Before the last or latest Smiley novel, The Secret Pilgrim (1991), le Carré published A Perceft Spy (1986), drawing on his own relations with his domineering father, and The Russian House (1989), a response to the end of the Cold War, where a British publisher becomes involved in espionage by a Soviet woman, who acts as emissary for a volatile friend. The novel was adapted for screen, starring Sean Connery and Michelle Pfeiffer.
In 1954 le Carré married Ann Martin, the daughter of a Royal Air Force officer. He lived in the 1960s on various Greek islands, but then returned to England. After divorce in 1971 he married in 1972 Valérie Jane Eustace, a book editor. They met when she was working for his British publisher, Hodder & Stoughton. Le Carré has four children, three from his first marriage. Because le Carré writes with pen and ink, she has typed his manuscripts up for him.
The fall of the Soviet Union and reunification of Germany left spy fiction adrift and le Carre turned his attention to the new roles of cloak and dagger people. The Night Manager (1993) was about drug smuggling and in Our Game (1995) two former spies and a woman find the end of their road in the mountains of the Caucasus, reflecting the new situation and the end of the Cold War. The Tailor of Panama (1996) has as its background the future of the Panama Canal. Single&Single (1999) was a father-and-son story which also dealt with a Russian mafia family.
The Constant Gardener (2000), le Carré's 18th novel, was set in Africa. Justin Quayle, the middle-aged gardener of the title, is married to a much younger wife, Tessa, a lawyer and activist. "She was doing a bloody good job out there in the slums, whatever anybody said about her up at the Muthaiga Club. She may have got up the noses of Moi's Boys but Africans who mattered loved her to a man," one of the characters concludes after she is found brutally killed. Justin is a disillusioned humanist, who doesn't know much of Tessa's attempts to reveal an international pharmaceutical intrigue. Justin's passivity ends after her death but he eventually shares Tessa's fate. Absolute Friends (2004), accused of anti-American bias, follows the lives of two man, friends from the radical 1960s, who still try to keep their anti-establishment idealism in the new millennium. Eventually they are crushed by international political intrigues. The Mission Song (2006) takes the reader into the complex relationships between business and politics in Congo. A Delicate Truth (2013) warns about the risks of the privatization of intelligence. The story portrays a hero of the Internet age, who instead of shuttering state secrets from the public, he leaks at the end information about corrupt government practices.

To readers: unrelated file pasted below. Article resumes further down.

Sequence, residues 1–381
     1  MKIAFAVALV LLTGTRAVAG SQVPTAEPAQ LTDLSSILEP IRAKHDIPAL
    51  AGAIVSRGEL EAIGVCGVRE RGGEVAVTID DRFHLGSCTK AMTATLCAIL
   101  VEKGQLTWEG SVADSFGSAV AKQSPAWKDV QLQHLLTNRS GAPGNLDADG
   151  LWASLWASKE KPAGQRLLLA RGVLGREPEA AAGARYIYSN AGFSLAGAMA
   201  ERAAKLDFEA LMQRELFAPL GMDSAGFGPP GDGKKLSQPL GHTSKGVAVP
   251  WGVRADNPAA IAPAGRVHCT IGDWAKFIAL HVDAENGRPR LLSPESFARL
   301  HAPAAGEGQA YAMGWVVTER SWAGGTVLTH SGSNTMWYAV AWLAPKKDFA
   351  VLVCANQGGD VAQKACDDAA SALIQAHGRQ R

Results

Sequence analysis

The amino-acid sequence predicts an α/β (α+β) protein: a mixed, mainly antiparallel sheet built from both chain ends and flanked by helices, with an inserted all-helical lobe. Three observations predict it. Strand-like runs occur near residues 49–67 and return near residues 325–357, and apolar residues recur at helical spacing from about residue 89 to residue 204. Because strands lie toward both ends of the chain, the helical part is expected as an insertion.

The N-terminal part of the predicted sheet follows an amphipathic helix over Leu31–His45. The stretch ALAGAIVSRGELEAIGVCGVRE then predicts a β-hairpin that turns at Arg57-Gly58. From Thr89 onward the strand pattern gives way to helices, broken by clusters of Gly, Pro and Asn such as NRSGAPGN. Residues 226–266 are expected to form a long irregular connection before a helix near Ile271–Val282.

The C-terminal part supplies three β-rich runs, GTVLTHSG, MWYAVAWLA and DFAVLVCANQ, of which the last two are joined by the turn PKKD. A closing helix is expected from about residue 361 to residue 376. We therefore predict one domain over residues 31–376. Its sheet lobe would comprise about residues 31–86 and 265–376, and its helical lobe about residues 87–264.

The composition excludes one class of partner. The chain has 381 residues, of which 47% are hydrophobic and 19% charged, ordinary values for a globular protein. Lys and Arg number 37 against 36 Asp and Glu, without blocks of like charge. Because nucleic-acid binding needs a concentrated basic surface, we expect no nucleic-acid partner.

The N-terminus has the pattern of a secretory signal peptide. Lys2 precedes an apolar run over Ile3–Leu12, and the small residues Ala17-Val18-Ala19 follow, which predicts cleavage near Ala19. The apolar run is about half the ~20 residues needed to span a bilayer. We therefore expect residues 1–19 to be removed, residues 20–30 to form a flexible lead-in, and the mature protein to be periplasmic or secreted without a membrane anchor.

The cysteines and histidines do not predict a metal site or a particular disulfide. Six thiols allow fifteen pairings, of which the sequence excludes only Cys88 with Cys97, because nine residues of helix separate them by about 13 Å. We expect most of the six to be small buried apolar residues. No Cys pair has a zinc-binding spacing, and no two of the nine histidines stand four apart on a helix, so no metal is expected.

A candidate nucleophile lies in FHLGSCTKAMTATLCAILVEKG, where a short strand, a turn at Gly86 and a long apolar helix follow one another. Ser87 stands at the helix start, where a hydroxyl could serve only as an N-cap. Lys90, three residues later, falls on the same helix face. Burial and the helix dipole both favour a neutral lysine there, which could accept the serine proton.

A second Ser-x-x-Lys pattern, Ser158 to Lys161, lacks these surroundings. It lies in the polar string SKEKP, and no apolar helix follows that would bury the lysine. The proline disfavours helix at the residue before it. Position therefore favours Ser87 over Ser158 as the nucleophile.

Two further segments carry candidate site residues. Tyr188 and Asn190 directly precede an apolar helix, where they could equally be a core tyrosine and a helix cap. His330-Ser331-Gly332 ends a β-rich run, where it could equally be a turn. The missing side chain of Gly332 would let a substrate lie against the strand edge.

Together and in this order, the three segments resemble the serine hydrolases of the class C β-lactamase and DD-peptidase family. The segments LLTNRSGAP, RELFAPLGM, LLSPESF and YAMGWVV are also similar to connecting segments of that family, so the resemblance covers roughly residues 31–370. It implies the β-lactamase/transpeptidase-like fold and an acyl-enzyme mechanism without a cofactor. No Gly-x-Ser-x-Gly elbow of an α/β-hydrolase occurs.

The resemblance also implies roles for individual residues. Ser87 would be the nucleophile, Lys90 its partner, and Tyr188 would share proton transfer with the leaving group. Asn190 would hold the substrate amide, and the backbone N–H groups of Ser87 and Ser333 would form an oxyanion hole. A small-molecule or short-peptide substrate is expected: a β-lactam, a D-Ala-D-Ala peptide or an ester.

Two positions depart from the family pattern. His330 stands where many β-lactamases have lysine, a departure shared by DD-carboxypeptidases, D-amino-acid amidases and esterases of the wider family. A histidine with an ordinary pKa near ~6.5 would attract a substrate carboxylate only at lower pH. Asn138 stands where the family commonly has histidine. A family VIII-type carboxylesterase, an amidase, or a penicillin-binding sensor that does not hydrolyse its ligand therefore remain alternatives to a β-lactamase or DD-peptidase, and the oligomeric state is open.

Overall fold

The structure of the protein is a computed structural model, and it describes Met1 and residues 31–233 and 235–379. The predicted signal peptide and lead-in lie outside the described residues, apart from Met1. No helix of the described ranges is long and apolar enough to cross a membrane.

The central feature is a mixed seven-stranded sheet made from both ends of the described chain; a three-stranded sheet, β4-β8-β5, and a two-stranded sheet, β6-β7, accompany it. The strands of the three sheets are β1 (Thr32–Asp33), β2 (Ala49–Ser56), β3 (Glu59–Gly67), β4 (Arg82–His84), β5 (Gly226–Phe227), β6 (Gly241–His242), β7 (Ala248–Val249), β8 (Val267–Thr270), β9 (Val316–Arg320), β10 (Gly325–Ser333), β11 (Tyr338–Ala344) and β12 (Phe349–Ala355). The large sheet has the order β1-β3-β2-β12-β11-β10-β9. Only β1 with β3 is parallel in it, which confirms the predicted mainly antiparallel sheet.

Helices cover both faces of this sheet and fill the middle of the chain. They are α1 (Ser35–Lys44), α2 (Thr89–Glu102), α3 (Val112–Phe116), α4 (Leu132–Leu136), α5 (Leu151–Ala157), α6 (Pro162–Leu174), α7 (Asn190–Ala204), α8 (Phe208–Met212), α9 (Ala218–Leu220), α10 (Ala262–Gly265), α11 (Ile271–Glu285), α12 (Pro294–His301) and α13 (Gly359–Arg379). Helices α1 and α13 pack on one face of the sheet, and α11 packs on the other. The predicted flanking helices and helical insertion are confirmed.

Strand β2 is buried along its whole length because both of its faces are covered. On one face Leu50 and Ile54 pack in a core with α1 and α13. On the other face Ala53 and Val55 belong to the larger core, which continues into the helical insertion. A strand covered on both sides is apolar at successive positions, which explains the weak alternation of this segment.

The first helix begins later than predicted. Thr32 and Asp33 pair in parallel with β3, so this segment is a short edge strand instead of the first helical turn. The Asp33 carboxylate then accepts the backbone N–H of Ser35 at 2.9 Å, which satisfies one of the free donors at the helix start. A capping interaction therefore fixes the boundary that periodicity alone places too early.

In January 2003 le Carré published in The Times an essay entitled 'The United States has gone mad,' joining a number of European and American writers protesting about war on Iraq. "How Bush and his junta succeeded in deflecting America's anger from bin Laden to Saddam Hussein is one of the great public relations conjuring tricks of history," argued le Carré. Richard Cohen answered in the Washington Post, saying that the essay was "the intellectual collapse of what is called the anti-war movement." More radical than Mick Jagger, le Carré has declined all honors offered to him, stating that he will never be Sir David. In 2005 Britain's crime writers' club awarded him its Dagger of Daggers for The Spy Who Came in from the Cold and in 2011 he received the Goethe Medal in honour of his life's work.
For further reading: Conversations with John le Carré, edited by Matthew J. Bruccoli and Judith S. Baughman (2004); The Spy Novels of John Le Carré: Balancing Ethics and Politics by Myron J. Aronoff (2001); Le Carré's Landscape by Tod Hoffman (2001); Wilderness of Mirrors by Peter Bennett (1998); Understanding John Le Carré by John L. Cobbs (1998); John Le Carré by LynnDiane Beene (1992); Spying on Le Carré by Ulrike Holtman (1991); Spy Thrillers: From Buchan to Le Carré, ed. Clive Bloom (1991); Taking Sides: The Fiction of John Le Carré by Tony Barley (1986); John Le Carré by Peter Lewis (1985)